- Level: International Baccalaureate
- Subject: Maths
- Word count: 1738
Logarithm Bases
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Introduction
In this analysis of logarithm bases I will be discussing and explaining some of the properties and functions dependent on formulas which can be obtained by the use of logarithms. Simply, a logarithm is just an exponent. View the following diagram below in figure 1. An alternate explanation is that, the logarithm of a number x to a base b is just the exponent you put onto b to make the result equal x. For instance, since 5² = 25, we know that 2 (the exponent to the five) is the logarithm of 25 to base 5. Represented as, log5(25) = 2.
Figure 1.
In a general expression, when applying variables to replace numbers, if x = by, then we say that y is “the logarithm of x to the base b” or “the base b logarithm of x”. Represented as,
y = logb(x). Therefore, any exponential equation can be written as a log just by changing the x and y positions to manipulate the equation.
Another way to look at it is that the logbx function is defined as the inverse of the bx function. These two statements express that inverse relationship, showing how an exponential equation is equivalent to a logarithmic equation. View the diagrams in figure 2 and figure 3.
Figure 2. Figure 3.
Middle
times the logarithm of x."
- logbxn = n logbx
The laws of logarithms will be valid for any base. I will prove this using base e, that is, for
y = ln x. I am going to prove law number 1. "The logarithm of a product is equal to the sum
of the logarithms of each factor."
View the diagram in figure 11, below.
Figure 11.
The second law can be proved in the same way. Instead of addition in the steps it would be subtraction. View the example in Figure 12 to see an example of the first three laws in a problem.
Figure 12.
I will prove the third law, "The logarithm of a power of x is equal to the exponent of that power
times the logarithm of x." View Figure 13, below.
Figure 13.
As you know not all logs will hold a natural or common logarithm base such as 10 or e.
Therefore, change of base is necessary. View the diagram in Figure 14.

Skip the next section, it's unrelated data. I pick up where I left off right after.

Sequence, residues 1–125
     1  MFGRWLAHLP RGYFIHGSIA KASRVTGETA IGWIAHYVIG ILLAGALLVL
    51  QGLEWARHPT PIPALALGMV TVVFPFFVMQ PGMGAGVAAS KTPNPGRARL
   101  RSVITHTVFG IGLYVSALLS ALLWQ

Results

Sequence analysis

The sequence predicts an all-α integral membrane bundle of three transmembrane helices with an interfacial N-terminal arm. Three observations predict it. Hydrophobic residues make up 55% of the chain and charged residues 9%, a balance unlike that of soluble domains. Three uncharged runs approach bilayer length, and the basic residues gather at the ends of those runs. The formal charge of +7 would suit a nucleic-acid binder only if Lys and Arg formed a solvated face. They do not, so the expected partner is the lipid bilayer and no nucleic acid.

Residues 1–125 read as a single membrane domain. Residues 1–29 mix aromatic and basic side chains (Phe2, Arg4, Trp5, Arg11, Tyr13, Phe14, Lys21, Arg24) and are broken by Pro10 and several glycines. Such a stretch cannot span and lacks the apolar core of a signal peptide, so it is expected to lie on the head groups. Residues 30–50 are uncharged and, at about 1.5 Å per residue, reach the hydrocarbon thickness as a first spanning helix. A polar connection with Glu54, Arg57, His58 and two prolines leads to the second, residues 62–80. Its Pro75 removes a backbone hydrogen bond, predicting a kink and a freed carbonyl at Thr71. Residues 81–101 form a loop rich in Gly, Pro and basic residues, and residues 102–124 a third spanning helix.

Figure 14.
What is another example of the change of base? View figure 15.
base of | symbol | name |
10 | log | common logarithm |
e | ln | natural logarithm, |
Figure 15.
The “base”ics
From the
Conclusion
Part 2 of Problem 2:
Describe how to obtain the third answer in each row from the first two answers.
If log ax = c and log b x = d
therefore, the general statement that expresses log ab x in terms of c and d is:
log ab x = (cd)/(c + d) I arrived to this statement by combing all of the laws together.
Restrictions: a >0, b>0, ab ≠ 1, c ≠ -d
ab ≠ 1 because otherwise
Example of validity:
log 3 81 = 4, log ⅓ 81 = -4 , log 1 81 = ?
(cd)/(c + d) would be (4X-4) / (4 + -4) = -16/0, which is undefined.
1 raised to any power is always equal to 1, and will never equal 81.
This also shows why c ≠ -d, because you can't divide by 0.
Part 3 of Problem 2:
Create two or more examples that fit the pattern above.
- Log 3 81 log 9 81 log 27 81
log 3 81 = 4, log 9 81 = 2 log27 81 = 4/3
Therefore (cd) / (c + d) = (4X2) / (4 + 2) = 8/6 = 4/3
- log 4 64 log 64 64 log 256 64
log 4 64= 3 log64 64= 1 log256 64 = ¾
Therefore (cd) / (c + d) = (3X1) / (3 +12) = 3/4 = ¾
Generalizations:
- You can find the logarithms of positive and negative integers.
- Logarithms follow exponential rules being exponents themselves.
Limitations:
- Restrictions for certain variables were explained within the problem itself, therefore, view corresponding figures to see those circumstances.
- You can find the log of fractions and square roots as shown in figure 8.
- If trying to find the logarithm of a negative number the result will hold an imaginary solution rather than a “real” number.
This student written piece of work is one of many that can be found in our International Baccalaureate Maths section.
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